All of these things, plus chronopharmacology, which is the timing of our drugs, like alcohol, THC, caffeine, pharmaceuticals, et cetera, means that the problem often lies in us moving indoors and divorcing ourselves from these clear rhythms in nature. We're only just beginning to discover how negatively this is impacting both our sleep, our wake, and our experience of our well-being.
One thing that I've been pointing to this year is this paper that was released that had almost 250 circadian scientists calling for warning labels on using light bulbs at night. For these people, their entire life's work is around circadian health and they're putting their entire reputation on the line to say, "This is so negatively impacting us. And not just for sleep, but it also can link to cancer, diabetes, mental health, and of course, the sleep wake cycle, and our overall well-being." They're pointing to almost 2,700 studies to support how they are stealing our well-being in a particular way.
I had no idea. I knew our environments influenced how we slept but didn’t realize just how much of an impact all of it made on us every single day.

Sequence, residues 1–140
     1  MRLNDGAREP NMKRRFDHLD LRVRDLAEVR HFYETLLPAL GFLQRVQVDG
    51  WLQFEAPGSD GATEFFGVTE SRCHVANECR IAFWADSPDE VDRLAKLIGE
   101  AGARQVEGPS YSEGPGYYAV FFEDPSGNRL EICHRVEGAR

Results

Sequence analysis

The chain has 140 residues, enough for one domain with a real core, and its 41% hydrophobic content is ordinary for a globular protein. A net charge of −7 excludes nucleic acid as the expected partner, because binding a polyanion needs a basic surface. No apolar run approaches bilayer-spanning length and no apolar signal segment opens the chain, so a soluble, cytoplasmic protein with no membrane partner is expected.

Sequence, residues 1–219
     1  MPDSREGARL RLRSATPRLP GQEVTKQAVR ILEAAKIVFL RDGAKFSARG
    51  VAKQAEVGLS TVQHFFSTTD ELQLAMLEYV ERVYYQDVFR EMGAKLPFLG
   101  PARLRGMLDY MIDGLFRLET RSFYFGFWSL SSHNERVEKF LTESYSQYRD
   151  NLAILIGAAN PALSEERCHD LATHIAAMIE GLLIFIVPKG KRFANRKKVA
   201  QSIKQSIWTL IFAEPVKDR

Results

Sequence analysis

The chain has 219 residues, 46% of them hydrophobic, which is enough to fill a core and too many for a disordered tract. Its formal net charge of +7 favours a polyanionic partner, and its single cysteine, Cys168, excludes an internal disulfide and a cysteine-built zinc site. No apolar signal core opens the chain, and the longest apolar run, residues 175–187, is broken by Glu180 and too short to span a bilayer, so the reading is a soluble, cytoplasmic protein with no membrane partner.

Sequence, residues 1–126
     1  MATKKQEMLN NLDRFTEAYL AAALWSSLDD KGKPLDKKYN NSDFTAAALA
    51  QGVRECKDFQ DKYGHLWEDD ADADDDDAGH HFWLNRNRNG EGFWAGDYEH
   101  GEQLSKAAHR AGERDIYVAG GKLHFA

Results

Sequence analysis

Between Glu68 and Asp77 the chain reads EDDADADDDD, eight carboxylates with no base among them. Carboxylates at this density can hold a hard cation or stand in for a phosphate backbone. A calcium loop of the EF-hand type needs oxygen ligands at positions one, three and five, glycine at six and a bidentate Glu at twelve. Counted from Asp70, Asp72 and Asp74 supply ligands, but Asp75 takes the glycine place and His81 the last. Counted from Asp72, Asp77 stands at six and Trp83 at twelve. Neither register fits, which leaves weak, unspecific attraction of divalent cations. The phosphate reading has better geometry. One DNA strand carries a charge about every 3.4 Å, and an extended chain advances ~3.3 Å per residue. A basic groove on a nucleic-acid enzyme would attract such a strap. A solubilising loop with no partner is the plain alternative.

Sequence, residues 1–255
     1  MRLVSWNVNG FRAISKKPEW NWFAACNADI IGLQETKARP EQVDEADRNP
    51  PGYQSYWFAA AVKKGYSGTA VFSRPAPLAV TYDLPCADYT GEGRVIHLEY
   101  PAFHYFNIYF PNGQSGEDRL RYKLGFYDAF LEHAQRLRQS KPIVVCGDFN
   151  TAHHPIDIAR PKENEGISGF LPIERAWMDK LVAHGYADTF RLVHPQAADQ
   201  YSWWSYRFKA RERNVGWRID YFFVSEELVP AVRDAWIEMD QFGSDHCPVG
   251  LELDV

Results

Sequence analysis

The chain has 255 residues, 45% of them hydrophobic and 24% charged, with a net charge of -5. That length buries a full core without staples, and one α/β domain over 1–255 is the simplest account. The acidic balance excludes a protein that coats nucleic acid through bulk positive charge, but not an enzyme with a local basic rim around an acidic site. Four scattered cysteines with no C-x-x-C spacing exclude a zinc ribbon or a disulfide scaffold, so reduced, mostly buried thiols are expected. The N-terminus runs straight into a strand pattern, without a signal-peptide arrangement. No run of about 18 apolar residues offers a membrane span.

Definitely. This is all about our clocks. We have trillions of clocks that are connected to every cell and organ in our body, and they're looking to stay on time. And with our bodies, our eyes are sampling the environment all around us all the time. We're giving ourselves clues based on the things that we're doing that also shakes out to things like the timing of our food or whenever we choose to put anything but water in our bodies. All of those decisions can inform those clocks. For so long, we've gotten away from those natural rhythms and are giving our bodies confusing clock signals.
So by having what's known as consistent sunlight anchoring where you have morning anchoring of a consistent wake up time, and then keeping consistent light exposure throughout the day, that can begin to create a consistent cortisol pulse on the first half of the day, which you want. You want your cortisol pulse to be at its highest when you first are waking up. Then, you want to support the uptick in your body temperature throughout the course of the day, which is when you're riding that cortisol wave, which is like natural coffee, and that’s how you are able to get things done.
Into the evening, your temperature is dropping markedly, and you want to make sure that your melatonin pulse is rising at around the same time each night consistently because the very unsexy thing about sleep is that sleep loves consistency. So, the more consistent we can be with bringing darkness into our evenings to help support the uptick in our high melatonin pulse, that can help support that with more automaticity. We're falling asleep with ease and staying asleep and without all the wake-ups and early morning awakenings and all that.